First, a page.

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1 how to wake up and get dressed by kristina ten

2 the persistence of sea slugs by riss rosado

5 do you wanna get outta here? by olivia shetler

7 break by riss rosado

8 the wetness by kristina ten

10 disarray by riss rosado


11 the salt in your hair by olivia shetler

14 first english lesson by kristina ten

16 milkless by kristina ten

19 balloons by riss rosado

20 lazy by kristina ten

21 the artist by riss rosado

photographs & illustrations by olivia shetler


how to wake up and get dressed Lift yourself out of sleep like water. Yes, it’s cold, but you’ll get used to it. Think about the sungolds. How they’ll taste three ways, fresh, stewed, and oven-candied, on a plate with oatmeal-molasses bread and a slab of salted butter, fat and slippery as a seal. Remember the last thing she said to you: Don’t buy anything with a lid you can’t unscrew yourself. Wear your backpack in front like a kangaroo belly. Shift the books inside and ask, Can you hear the heartbeat? Move the zippers and say, Coo coo, coo coo. Look out the window. This train is wobbly but it’s homebound. Plant your hooves surely and sidelong so when the canyon calls— Children!—you can say, You are no mother of mine.

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the persistence of sea slugs how does a brain hold on to a memory transient changes in gene expression long-term evolution in a DNA to-go box it turns out you can torture a sea slug take out its RNA plug it into another sea slug the second slug shivers it’s so present it’s transferrable → 2


none of that matters how doesn’t a brain hold on to a memory show me a cat sinking claws into your arm to avoid a bath i’ll show you the way you landed against me when we first took a shower together i am having no trouble not forgetting you you’re here in my muscles that 45 minute highway hypnosis from workplace to driveway you’re every inhaled bundle of basil torn shred of rosemary that i dab behind both ears you’re the ice box laugh to the same stupid joke i told you every time you pulled out a pack of light brown Nat Sherman’s 6.99 you’re every text i don’t send first because i’m either being too much or not being enough but all of the answers are me being me so that sucks you’re every caterpillar i save every spider i squish because you never know with spiders some bite you’re the ache in my patella tendon because you said maybe losing weight would help you’re the crystals i never buy for myself but accept from strange human tumbleweeds i remember you saying they were talking to you the crystals in the home you were sitting were talking to you they told you to eat meat and invite me over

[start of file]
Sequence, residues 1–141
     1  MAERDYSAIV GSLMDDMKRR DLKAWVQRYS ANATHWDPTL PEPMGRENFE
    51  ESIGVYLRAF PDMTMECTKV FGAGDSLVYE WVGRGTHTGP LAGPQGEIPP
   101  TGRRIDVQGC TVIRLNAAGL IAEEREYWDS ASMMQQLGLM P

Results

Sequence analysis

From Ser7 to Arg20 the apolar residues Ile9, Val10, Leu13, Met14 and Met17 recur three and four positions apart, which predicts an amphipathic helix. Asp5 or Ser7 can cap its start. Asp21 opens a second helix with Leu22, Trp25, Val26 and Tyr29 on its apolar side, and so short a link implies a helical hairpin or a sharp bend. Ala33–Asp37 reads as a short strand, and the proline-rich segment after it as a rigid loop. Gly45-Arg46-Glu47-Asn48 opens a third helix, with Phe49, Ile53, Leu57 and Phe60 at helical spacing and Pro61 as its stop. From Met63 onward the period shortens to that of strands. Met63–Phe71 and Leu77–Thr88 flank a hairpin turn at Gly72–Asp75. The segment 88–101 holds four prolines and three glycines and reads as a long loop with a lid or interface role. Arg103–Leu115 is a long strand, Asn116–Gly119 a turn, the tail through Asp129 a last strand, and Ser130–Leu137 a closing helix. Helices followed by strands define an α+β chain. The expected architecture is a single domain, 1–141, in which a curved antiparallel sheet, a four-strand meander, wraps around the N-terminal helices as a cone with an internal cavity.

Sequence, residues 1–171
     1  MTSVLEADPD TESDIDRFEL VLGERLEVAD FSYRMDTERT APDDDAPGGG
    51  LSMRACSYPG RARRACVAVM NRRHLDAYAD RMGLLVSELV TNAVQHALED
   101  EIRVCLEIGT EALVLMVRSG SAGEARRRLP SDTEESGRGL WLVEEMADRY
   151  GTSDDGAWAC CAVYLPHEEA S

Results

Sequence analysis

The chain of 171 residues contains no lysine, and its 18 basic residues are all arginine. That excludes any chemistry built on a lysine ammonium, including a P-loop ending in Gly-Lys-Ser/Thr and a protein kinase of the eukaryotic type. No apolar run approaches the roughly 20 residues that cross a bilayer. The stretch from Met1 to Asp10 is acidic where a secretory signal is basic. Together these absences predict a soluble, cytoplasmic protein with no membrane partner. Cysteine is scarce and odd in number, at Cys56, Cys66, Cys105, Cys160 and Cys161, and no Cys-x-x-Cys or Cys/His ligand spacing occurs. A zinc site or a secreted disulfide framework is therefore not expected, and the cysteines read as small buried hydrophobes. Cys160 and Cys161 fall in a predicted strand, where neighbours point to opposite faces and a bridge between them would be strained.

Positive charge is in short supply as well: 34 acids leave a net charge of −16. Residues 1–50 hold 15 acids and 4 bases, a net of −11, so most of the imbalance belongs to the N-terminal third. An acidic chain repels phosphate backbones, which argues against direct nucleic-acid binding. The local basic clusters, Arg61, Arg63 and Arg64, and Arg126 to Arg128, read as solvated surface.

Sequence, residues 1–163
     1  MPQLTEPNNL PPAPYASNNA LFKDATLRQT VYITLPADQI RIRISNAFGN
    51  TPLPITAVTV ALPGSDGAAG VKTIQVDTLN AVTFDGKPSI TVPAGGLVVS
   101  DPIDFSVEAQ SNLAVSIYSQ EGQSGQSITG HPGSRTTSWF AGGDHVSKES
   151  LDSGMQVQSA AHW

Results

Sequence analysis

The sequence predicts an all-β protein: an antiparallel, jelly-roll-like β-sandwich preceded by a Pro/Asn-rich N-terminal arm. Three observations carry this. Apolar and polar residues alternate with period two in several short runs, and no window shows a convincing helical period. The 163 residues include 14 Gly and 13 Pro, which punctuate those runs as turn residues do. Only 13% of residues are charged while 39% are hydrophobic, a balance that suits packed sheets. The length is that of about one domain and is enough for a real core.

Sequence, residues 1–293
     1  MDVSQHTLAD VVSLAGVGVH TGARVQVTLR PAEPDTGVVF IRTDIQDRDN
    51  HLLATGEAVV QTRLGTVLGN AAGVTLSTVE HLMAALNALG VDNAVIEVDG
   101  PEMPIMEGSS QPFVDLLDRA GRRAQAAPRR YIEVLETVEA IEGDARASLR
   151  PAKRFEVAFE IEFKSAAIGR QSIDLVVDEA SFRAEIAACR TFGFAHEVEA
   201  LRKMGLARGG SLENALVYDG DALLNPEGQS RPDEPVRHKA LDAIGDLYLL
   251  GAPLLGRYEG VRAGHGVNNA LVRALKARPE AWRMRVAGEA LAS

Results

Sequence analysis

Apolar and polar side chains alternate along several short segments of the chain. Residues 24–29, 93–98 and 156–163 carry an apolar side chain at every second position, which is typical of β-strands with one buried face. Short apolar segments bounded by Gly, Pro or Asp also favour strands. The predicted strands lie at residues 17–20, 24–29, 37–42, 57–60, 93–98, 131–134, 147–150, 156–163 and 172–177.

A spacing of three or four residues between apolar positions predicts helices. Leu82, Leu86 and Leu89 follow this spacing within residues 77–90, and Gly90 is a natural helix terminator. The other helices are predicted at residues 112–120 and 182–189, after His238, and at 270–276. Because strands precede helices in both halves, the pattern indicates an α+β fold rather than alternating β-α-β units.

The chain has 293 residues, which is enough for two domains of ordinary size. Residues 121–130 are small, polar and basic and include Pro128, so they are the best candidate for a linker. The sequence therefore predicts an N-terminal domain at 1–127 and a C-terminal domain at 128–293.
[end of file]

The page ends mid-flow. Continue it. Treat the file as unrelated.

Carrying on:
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taurine fluorite rose quartz and tourmaline you arranged a constellation on my belly “breathe” you flexed my feet backwards with force double your size cradled my head pulled away from my heart they’re too close, you said this was meant to clear congestion in my gut and emotional core but all i could feel was cold your mouth drips desert jewels bursting dehydrated vibrancy to the horizon i remember feeling like such a nerd for not taking as much acid i remember you repeating “i don’t remember how to talk” and insisting “babe, you’re talking” you curled like a roly poly shaking with giggles. and fear i couldn’t diagnose you were miles away always but i enjoyed running after you so much i didn’t notice i’m still running after you so present it’s transferable how doesn’t a brain hold on

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do you wanna get outta here? been standing here for four straight years in doc martens boots, ankles circling to get the swell outta them. can’t seem to stand still, so do you wanna get outta here?

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shared earbuds led to shared spaces led to the blueberry-blue house before the hill ends that’s still blue years after you’ve gone too insensitive to fade too sore not to stick out. i wanna get outta here. intertwining ankles under covers made my ankles weak for you. they sprain every year but it’s probably not related. do you wanna get outta here? a haircut in the back of the classroom wasn’t our best idea yet but there i was, newsprint on my back a paper cape for anything-but-cold shoulders. my hair’s grown out and you’ve cut yours short almost like a trade but i never wanted that. i wanted outta this. they say people change and maybe i have but my ankles are still weak for you and the blueberry house is still just as blue. do you wanna get outta here?

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break Blue hasn’t been around for a minute if you’re counting dimes one mississippi i’m still holding this 80% finished pack of light blue Spirits waiting to pass them back to your elegant fingers i still don’t know if i’m inhaling right and learning to breathe at my age is harder than the instinct of infancy how is it the baby knows to hold its breath i’ve heard with need Newborns crawl skin to skin on their mothers i’ve heard light blue Spirits turn to dust if you wait too long too lonely for the wrong people unrequited unreturned you bind yourself to the cliff for likes but we know you’re gone is it worth the pretty picture if the frame is hollow

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the wetness We are all creatures but you are an animal. It’s not unbelievable fucking prick hour at the local mixology bar, yet here you are, all your heavies heavy— dabbing salt on the rims of overturned wounds. Not just any, mind me, but the kind mined from Mediterranean seas whose salinity brings bodies to float. Flesh bags buoyant in the vast cobalt, coarse crystals from the gourmet aisle at half a gas tank or (round up to) four tubes of waterproof mascara a pound. Wouldn’t I be tickled to know you named this one Tequila Mockingbird or (still mulling over) Agave Maria? →